By Kelly Hilditch
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Join the lobby on 8 February to win direct investment in council housing

This article is over 16 years, 0 months old
Wednesday 8 February is the next stage of the campaign for decent housing. Delegates from around Britain are gearing up for the Defend Council Housing (DCH) lobby of parliament on that day.
Issue 1984

Wednesday 8 February is the next stage of the campaign for decent housing. Delegates from around Britain are gearing up for the Defend Council Housing (DCH) lobby of parliament on that day.

Frank Chance is the tenant chair of Birmingham DCH. He explained to Socialist Worker why he is organising for people to come to the lobby. Frank said, “In Birmingham tenants voted two to one against stock transfer.

“We’re coming to London to win direct investment to fund the improvements we need as an alternative to mass demolition and transfer. Together we are a powerful force.”

This feeling was echoed by Cathy, a tenant from Tower Hamlets in east London. She said, “We have to be there on 8 February to show that this issue is not going away.

“They think that they can hold ballots as and when they think they can win — but that’s not right. Those people are our councillors and our MPs. They represent us — and we have to make them remember that. It’s not just about our homes, it’s about homes for our kids, and future generations.”

DCH chair Alan Walters said, “Council tenants, trade unionists and elected councillors are coming to London from across Britain to take part in a big rally and lobby our MPs.

“We’re coming from areas where tenants have rejected the government’s three options and gone for stock retention, areas due to vote this year and from estates run by arm’s length management organisations (Almos) now threatened by plans to transfer the companies into the private sector.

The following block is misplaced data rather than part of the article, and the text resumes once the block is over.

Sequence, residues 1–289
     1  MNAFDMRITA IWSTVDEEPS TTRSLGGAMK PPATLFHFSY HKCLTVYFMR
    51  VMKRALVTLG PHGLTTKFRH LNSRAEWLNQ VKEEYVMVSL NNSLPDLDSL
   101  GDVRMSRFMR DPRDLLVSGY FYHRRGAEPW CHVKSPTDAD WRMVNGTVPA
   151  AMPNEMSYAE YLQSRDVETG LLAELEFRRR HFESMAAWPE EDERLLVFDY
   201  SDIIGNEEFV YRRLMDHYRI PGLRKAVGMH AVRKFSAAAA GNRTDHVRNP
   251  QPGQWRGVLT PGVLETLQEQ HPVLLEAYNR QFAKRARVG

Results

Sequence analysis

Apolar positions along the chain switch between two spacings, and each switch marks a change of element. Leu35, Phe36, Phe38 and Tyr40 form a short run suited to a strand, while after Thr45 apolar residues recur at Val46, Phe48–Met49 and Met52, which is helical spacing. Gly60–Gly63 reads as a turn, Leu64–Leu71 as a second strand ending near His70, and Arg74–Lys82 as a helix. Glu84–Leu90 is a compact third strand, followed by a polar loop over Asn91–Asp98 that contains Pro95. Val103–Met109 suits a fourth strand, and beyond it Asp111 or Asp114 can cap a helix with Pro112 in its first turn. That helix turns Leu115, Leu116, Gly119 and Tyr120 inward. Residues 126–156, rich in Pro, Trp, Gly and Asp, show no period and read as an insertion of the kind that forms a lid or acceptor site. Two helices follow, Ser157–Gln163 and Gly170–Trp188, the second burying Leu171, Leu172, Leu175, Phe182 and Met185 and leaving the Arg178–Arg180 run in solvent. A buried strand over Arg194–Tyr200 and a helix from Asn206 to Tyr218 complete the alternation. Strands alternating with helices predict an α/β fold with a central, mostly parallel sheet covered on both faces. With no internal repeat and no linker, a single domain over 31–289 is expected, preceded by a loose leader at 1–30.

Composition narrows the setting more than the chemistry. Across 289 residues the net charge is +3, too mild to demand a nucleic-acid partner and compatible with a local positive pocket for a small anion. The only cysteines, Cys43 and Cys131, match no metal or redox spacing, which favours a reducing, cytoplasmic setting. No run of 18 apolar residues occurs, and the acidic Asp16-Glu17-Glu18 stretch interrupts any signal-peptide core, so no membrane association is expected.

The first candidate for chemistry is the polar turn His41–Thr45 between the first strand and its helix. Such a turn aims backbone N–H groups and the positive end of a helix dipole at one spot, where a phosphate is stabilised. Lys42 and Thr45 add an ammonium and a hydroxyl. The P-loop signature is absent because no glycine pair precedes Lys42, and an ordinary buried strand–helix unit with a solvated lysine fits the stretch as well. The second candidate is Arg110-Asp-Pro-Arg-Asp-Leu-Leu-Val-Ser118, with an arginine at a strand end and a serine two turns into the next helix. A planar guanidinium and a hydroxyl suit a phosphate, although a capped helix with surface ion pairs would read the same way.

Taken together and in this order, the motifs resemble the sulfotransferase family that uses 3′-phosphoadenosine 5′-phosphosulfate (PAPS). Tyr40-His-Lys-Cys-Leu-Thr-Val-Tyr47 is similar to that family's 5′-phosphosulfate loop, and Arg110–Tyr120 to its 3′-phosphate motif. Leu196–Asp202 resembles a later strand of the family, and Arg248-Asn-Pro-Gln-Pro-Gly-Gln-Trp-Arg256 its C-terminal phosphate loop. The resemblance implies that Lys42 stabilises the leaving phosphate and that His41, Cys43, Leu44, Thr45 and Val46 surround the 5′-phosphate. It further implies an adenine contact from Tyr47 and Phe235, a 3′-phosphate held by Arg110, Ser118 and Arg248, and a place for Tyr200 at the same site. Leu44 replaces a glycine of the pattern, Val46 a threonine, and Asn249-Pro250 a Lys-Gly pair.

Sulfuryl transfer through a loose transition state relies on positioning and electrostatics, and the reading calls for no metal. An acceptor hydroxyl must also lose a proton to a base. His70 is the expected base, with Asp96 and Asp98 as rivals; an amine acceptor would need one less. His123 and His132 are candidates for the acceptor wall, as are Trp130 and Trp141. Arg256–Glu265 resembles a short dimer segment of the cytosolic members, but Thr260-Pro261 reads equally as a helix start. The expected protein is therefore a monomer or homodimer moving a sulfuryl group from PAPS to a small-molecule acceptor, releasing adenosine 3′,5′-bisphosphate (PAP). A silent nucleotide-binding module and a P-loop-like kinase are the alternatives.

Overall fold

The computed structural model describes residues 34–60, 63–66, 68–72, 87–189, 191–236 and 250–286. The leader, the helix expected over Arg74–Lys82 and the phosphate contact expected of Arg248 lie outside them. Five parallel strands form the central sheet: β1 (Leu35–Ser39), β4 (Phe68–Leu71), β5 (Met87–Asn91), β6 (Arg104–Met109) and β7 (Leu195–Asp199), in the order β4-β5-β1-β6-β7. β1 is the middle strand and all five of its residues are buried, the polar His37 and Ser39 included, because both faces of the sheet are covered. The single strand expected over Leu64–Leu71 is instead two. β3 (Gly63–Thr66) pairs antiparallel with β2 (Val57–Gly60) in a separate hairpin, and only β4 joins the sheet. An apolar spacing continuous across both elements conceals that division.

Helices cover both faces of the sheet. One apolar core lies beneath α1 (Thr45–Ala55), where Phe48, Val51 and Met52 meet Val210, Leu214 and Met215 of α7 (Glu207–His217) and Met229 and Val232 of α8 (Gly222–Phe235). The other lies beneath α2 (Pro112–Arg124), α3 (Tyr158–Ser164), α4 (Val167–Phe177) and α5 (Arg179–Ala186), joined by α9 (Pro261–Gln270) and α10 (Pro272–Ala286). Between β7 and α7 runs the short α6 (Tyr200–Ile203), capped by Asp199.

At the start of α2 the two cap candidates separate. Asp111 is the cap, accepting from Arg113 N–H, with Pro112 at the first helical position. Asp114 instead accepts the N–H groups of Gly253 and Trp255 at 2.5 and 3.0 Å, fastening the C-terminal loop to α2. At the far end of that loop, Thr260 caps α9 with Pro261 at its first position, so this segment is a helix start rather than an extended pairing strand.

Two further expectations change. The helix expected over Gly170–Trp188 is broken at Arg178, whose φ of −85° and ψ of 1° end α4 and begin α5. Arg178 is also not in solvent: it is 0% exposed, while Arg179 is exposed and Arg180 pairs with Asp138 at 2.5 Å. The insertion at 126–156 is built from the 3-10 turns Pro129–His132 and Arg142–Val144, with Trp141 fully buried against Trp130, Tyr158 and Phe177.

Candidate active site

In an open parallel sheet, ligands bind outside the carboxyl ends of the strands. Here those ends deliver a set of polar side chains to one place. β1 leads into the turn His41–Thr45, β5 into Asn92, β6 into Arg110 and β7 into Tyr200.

“We won’t accept the government’s bullying and blackmail to privatise our homes through transfer, PFI or the two-stage Almos.

“Winning the ‘fourth option’ will provide a secure future for tenants in the 93 authorities that have decided on stock retention, and tenants in the 43 authorities with Almos who now face the threat of the council-owned company being transferred into the private sector.

“We want to protect our security of tenure, lower rents and more accountable landlord from the mercy of market forces, private landlords and the banks.

“The government should respect the democratic right of tenants to choose to remain with the council and get improvements to our homes and estates. Tenants in 100 authorities where councils are pushing transfer, PFI or Almos this year deserve a real choice.

“We’re winning the argument among politicians of all parties. The broad alliance we’re building is going to secure a future for council housing. We’re fighting for investment to improve existing homes and build new decent, affordable, secure and accountable council homes.”

Private companies

Tenants who live on estates run by an Almo need to be at the lobby to fight against proposals to extend the five year contract that will effectively hand control of council stock to private companies.

The government is facing an ever growing crisis over housing. A report by Liberal Democrat MP Paul Burstow shows that one in ten Londoners are currently on a council housing waiting list.

It shows that 309,072, or 9.6 percent of households in London, are on local housing waiting lists — an increase of nearly 10 percent (29,343) between 2004 and 2005.

The boroughs with the highest number of people waiting on housing lists are in east London. In Newham and Tower Hamlets more than one in four households are on the waiting list.

Despite this there was a decrease in newly built council houses of around 60 percent between 1996 and 2004.

Margot Lindsey is a tenant on the Aylesbury estate in south London where the council lost a ballot to transfer 2,700 homes to the private sector. The council now says the estate is “unsafe” and needs to be demolished.

She said, “Some 74 percent of tenants on the Aylesbury estate voted to keep their council homes just two years ago. There have been attempts to frighten tenants into thinking that the estate is about to fall down and to persuade us that we live in a hell hole.

“We are coming to the lobby to demand Blair keeps his promise to invest in the Aylesbury and that the council stops trying to push tenants into deals with housing associations.”

Round the corner from the Aylesbury estate is an example of the deal tenants can receive. One of the largest social landlords in south London is the Church of England, which is set to sell off 11,000 of its properties to commercial landlords. The church sold 455 of its properties last year, making £70 million.

Fourth option for council housing, lobby of parliament, 12 noon, 8 February. For more information go to


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